Unlocking a Secure & Seamless Campus: Key Considerations for Mobile Student IDs

Unlocking a Secure & Seamless Campus: Key Considerations for Mobile Student IDs

Can you imagine a day without your mobile phone? Most of us have done away with traditional alarm clocks and physical calendars in favor of mobile alternatives, replaced unnecessary in-person meetings with efficient video calls and so much more. Mobile phones are an integral part of our daily lives, especially with the tech-savvy majority that makes up the campus population.

Based on recent trends, it’s easy to see why mobile devices are starting to shape the different systems we use not only to connect with people, but also to manage campus experiences at large. To keep pace with the security landscape across campuses, universities are evaluating mobile credentials to enhance their security and streamline their student experience. This evolution starts with saying goodbye to the days of outdated, proprietary technology and welcoming in interoperable solutions that are flexible to change with the institution’s evolving security needs.

Enabling a Contactless Campus

While the transition to mobile student IDs has been happening for years, the pandemic further illuminated the benefits of a contactless campus. Many security directors and card office administrators have been contemplating the value of investing in smart cards or mobile student IDs. Mobile IDs offer the same contactless and security benefits as smart cards, plus they can be remotely deployed to avoid in-person contact. This digital adoption also helps alleviate long lines at the card office around orientation.

With seamless convenience in mind, students need only to present their mobile device or campus card in the RF field emitted by the reader for building access, dining, library transactions and more. They don’t need to hand over their credentials to a cashier to swipe or touch any objects. Nor do they have to swipe the magnetic stripe on their card—where they are essentially rubbing their hands on readers that have been touched by many others.

Mobile credentials also enable contact tracing, which is a core control measure and key strategy for interrupting chains of transmission for various diseases and viruses, including COVID-19. Actions taken today will better prepare campuses for future public health crises. Many are already incorporating lessons learned during this pandemic into their emergency preparedness plans.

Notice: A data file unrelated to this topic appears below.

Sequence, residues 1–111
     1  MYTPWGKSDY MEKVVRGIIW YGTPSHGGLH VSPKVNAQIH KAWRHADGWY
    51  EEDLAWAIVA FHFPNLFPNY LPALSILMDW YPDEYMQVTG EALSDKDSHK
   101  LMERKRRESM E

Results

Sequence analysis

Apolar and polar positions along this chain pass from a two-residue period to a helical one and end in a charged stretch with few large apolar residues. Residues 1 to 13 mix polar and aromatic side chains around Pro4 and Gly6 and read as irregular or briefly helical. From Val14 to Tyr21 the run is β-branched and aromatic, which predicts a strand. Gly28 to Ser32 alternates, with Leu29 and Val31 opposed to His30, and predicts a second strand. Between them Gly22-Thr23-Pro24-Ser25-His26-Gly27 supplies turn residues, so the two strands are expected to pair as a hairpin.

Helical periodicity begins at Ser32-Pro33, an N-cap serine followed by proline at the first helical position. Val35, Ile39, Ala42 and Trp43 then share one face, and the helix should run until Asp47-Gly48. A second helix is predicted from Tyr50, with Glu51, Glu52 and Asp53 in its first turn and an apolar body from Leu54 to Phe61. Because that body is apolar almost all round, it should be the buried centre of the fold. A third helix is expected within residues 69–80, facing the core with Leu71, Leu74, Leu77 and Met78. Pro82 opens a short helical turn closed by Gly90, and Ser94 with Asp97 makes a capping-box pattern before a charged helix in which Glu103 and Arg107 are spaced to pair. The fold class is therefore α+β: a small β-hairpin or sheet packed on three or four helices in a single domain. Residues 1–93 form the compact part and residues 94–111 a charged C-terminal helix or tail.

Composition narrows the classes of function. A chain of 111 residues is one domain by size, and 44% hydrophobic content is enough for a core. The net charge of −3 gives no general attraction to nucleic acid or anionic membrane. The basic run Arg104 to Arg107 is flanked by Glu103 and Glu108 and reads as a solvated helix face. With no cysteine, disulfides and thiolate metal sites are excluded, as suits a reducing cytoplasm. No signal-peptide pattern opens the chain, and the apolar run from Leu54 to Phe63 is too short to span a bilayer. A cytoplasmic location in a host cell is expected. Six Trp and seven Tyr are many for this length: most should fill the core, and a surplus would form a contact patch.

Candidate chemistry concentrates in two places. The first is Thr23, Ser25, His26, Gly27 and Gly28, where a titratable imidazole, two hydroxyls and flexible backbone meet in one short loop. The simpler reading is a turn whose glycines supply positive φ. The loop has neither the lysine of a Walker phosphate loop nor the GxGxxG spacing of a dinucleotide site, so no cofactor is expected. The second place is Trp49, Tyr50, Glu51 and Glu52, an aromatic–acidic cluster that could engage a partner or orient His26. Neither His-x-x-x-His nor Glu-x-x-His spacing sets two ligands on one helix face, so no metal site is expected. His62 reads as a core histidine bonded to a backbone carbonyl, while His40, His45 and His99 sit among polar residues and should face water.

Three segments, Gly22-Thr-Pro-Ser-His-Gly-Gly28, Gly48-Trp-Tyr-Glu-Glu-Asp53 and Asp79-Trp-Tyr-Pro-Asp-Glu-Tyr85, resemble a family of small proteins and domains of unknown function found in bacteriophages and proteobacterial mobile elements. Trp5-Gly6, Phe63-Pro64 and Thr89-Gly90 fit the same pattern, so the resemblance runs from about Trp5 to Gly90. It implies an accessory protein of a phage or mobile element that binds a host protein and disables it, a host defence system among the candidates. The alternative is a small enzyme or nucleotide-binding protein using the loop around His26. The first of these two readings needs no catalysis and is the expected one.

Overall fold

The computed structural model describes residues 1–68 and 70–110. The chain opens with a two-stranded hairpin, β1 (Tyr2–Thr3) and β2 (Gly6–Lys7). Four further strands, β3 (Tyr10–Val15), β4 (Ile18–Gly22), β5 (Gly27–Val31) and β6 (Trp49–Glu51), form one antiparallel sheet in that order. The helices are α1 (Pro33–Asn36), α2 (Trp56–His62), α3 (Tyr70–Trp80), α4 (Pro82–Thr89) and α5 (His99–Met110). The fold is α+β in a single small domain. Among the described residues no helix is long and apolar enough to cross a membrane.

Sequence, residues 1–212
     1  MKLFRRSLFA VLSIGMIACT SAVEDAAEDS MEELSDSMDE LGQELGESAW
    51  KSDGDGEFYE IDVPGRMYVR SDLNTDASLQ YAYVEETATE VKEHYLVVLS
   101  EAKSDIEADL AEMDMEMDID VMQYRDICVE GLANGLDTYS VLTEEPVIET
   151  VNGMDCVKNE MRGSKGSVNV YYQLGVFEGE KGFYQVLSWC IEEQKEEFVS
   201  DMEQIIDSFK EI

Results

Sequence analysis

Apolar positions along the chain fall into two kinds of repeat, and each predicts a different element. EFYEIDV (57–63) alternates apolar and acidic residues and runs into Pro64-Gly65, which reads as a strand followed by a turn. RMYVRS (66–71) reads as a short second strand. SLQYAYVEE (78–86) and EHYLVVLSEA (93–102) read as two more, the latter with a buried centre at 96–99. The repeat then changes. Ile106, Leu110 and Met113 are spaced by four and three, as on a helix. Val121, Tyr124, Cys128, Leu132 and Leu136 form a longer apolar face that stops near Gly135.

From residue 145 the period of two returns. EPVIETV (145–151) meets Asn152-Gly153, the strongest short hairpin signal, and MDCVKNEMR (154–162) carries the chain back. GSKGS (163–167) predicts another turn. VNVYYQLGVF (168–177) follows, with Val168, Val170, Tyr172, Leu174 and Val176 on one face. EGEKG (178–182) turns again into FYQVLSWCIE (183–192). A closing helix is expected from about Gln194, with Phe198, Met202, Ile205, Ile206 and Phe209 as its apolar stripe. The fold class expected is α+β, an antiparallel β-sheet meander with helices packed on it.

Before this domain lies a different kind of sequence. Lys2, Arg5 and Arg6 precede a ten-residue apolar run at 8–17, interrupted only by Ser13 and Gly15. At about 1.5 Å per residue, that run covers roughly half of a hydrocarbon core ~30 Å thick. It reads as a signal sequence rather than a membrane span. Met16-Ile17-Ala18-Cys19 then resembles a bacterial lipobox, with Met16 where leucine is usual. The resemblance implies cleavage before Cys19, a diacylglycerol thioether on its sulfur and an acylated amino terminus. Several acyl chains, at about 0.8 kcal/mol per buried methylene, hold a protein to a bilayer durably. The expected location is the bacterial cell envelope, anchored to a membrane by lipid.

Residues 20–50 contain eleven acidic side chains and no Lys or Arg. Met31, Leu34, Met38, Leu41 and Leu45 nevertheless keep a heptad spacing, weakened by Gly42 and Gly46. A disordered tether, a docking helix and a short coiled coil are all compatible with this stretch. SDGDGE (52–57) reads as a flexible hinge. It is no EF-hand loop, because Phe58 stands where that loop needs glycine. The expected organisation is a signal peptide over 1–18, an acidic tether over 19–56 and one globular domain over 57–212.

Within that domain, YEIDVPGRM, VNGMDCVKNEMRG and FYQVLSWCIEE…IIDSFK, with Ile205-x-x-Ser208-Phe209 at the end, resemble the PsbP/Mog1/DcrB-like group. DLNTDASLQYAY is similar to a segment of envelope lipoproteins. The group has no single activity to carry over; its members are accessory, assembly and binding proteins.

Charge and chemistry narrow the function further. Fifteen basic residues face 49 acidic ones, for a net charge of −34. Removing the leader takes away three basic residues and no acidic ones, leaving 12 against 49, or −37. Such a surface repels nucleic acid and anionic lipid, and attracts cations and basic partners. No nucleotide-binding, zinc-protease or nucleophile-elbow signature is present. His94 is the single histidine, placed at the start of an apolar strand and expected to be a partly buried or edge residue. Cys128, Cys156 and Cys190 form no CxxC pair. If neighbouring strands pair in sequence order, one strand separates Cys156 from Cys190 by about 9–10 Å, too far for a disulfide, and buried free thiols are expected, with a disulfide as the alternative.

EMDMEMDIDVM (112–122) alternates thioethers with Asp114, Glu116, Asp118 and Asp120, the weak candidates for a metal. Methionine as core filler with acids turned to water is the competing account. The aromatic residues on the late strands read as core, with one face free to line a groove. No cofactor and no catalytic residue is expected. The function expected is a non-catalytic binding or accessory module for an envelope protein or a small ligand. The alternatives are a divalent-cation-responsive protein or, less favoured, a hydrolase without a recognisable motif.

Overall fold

Enhancing Student Mobile IDs Across Platforms

Most mobile student IDs are available on Android mobile devices and iPhones, for holistic access. This technology is now available from your wrist and is designed to become second nature for users. For instance, in partnership with technology provider CBORD, Allegion announced mobile credential support for student ID cards in Apple Wallet, which allows students to access their ID using their Apple Watch.

Additionally, Auburn University debuted their new Tiger Card in August 2021 with the goal of enhancing the student experience. The campus-issued mobile ID offers an added level of convenience and accessibility, and it can be used anywhere a plastic ID card is used, both on and off campus. Once provisioned, users simply present an iPhone, Apple Watch or Android phone to NFC-enabled devices to pay for food, vending or laundry, or to open exterior and interior doors to campus buildings and residence halls.

Adoption Among Campus Administration & Students

Apart from the convenient access to campus card activity, contactless credentials can also be instantly and remotely issued, revoked or reactivated, offering additional control and fraud protection for university administration.

The transition to mobile cards also allows campuses to gain operational efficiencies, like a significant reduction in plastic cards. Through mobile credentials, campus administrators avoid the hassle and expense of issuing thousands of physical cards and replacing them if stolen.